Tibetan top court refuses to swear in Topgyal Tsering as minister

Cabinet Secretary of the Central Tibetan Administration Topgyal Tsering in a file photo taken on 18 March 2019.

Cabinet Secretary of the Central Tibetan Administration Topgyal Tsering in a file photo taken on 18 March 2019. Tibet Sun/Contributor

By Lobsang Wangyal

McLEOD GANJ, India, 29 March 2019

Despite being approved as minister by the Tibetan Parliament-in-exile, the top court of Tibet-in-exile, the Tibetan Supreme Justice Commission, has refused to swear in Topgyal Tsering, specifying a technical lapse.

Tsering, the Cabinet Secretary of the Central Tibetan Administration, was declared elected by Speaker Pema Jungney on 22 March. He received 21 votes out of the 43 members present in the House.

However, the Commission has refused to accept his appointment, citing Articles 22 and 86 which say that the appointment will need 50% of the votes of the members. The Commission’s refusal was because the 21 votes of the 43 members make 48.8%.

Prior to the voting, the Speaker had announced that 21 would be the figure for Tsering to be appointed. He didn’t cast his own secret ballot. Eighteen members voted against the choice proposed by CTA President Lobsang Sangay. Two votes were invalid and one was blank. Jungney’s argument was that 50% of 43 members would be 21.5 members, and that the decimal will not be counted.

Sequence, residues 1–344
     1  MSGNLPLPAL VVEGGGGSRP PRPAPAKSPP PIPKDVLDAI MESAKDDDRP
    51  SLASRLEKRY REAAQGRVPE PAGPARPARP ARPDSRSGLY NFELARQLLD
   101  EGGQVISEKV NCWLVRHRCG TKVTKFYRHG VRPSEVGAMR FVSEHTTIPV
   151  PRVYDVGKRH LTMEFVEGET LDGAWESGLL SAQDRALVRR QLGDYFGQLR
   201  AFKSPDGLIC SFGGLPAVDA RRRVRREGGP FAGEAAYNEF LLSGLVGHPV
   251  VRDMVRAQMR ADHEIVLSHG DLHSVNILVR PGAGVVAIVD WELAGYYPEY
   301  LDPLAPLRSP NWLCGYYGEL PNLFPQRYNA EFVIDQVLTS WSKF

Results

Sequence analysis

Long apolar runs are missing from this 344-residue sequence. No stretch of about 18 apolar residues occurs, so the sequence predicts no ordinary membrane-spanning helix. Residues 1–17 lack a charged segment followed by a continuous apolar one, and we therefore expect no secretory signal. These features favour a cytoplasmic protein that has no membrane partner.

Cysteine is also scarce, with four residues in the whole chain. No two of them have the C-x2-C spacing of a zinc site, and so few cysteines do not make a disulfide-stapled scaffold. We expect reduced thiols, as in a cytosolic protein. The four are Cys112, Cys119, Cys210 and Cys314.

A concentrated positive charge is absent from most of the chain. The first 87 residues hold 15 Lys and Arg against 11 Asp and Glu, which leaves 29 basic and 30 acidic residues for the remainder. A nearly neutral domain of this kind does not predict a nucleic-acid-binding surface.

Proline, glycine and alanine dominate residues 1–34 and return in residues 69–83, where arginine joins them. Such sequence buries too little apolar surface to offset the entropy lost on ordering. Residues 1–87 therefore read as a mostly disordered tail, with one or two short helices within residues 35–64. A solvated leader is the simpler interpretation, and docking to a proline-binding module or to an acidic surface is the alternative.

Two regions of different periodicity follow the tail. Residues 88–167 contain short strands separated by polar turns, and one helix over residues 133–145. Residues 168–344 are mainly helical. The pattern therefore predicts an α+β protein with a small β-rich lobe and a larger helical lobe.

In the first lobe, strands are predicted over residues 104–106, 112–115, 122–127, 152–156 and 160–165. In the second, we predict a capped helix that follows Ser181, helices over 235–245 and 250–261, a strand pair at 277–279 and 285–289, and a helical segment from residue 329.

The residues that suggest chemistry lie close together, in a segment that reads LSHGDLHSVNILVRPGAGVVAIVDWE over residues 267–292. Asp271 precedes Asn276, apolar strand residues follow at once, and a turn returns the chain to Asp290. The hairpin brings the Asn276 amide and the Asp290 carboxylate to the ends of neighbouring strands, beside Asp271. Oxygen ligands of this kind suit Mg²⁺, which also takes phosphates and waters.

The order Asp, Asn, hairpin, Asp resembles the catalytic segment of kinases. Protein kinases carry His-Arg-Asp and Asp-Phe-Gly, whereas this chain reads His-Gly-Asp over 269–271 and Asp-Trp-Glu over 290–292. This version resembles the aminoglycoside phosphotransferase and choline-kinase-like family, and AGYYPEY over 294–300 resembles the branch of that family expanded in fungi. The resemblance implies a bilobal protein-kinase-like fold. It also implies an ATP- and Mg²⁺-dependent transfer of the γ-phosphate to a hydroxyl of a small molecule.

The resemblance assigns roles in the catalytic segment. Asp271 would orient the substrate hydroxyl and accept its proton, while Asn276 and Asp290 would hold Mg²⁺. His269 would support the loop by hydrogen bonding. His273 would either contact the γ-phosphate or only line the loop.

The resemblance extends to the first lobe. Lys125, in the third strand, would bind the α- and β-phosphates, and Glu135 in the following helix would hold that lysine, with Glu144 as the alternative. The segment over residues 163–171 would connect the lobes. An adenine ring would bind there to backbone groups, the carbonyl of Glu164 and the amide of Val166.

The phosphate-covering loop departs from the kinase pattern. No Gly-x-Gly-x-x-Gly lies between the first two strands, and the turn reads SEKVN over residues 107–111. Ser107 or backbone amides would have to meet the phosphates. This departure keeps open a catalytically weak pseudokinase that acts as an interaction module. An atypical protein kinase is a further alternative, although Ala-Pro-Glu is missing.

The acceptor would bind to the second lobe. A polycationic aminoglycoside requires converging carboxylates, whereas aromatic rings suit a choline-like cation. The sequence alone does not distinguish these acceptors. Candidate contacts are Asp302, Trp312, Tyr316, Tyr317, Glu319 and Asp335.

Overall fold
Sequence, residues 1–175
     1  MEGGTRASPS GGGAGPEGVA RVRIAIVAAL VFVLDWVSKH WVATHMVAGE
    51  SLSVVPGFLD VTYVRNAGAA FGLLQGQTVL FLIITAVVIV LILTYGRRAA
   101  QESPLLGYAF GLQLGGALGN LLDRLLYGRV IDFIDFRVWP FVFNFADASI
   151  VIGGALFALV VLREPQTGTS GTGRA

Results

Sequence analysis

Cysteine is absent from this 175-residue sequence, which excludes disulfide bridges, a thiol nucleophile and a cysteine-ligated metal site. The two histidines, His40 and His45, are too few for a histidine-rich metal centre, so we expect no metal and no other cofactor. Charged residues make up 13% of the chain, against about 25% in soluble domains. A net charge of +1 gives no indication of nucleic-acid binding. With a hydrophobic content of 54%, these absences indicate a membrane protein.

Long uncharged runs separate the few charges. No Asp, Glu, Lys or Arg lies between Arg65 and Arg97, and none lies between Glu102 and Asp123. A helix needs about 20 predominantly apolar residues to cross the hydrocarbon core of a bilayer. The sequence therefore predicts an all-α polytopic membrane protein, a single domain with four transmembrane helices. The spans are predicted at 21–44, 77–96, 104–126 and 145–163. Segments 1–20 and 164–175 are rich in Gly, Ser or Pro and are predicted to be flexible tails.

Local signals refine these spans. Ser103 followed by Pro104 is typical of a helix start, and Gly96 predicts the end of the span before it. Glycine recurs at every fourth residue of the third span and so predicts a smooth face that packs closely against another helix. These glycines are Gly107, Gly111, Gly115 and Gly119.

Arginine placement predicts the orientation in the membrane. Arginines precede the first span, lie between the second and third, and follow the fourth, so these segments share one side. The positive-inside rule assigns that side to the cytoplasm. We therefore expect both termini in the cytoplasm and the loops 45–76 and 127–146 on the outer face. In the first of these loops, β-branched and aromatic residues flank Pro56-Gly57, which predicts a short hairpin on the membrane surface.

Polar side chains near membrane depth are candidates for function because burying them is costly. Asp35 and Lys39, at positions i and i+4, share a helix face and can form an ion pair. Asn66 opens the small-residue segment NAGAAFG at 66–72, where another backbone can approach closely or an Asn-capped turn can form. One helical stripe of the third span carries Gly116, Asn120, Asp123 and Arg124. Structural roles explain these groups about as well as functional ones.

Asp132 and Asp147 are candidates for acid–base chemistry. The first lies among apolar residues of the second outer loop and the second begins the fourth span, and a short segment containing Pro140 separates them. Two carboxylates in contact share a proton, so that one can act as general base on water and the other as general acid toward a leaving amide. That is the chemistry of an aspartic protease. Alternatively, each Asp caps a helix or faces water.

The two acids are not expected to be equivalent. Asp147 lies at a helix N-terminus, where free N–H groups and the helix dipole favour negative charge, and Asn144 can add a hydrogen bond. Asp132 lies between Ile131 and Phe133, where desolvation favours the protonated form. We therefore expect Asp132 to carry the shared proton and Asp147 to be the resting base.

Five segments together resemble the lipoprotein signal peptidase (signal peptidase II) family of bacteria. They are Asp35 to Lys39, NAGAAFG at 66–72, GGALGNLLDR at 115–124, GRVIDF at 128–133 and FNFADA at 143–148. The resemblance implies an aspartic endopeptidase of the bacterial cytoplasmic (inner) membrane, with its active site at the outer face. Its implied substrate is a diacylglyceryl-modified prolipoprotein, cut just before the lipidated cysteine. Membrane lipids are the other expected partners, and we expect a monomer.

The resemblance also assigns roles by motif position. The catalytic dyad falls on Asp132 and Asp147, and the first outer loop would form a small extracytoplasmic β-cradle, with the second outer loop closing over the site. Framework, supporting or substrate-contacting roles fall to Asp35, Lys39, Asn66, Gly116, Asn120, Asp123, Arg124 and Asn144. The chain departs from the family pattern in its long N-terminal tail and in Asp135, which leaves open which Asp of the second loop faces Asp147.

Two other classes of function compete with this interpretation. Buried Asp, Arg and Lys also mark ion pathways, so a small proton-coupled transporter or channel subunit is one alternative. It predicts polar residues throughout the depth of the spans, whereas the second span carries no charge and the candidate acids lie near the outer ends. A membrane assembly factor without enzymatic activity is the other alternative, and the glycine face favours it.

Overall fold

The conflict arose because the figure in percentage came to 48.8%, making it less than 50%.

Tibet Sun has learned that the Speaker has written to the Commission asking them to accept the result, citing Article 58 which states that the Commission has no power to nullify any decision taken by the Parliament.

The Secretary of the Commission refused to answer a request by Tibet Sun for an explanation about the deadlock.

The Speaker also refused to take questions, leaving it unclear what would happen with this stalemate.


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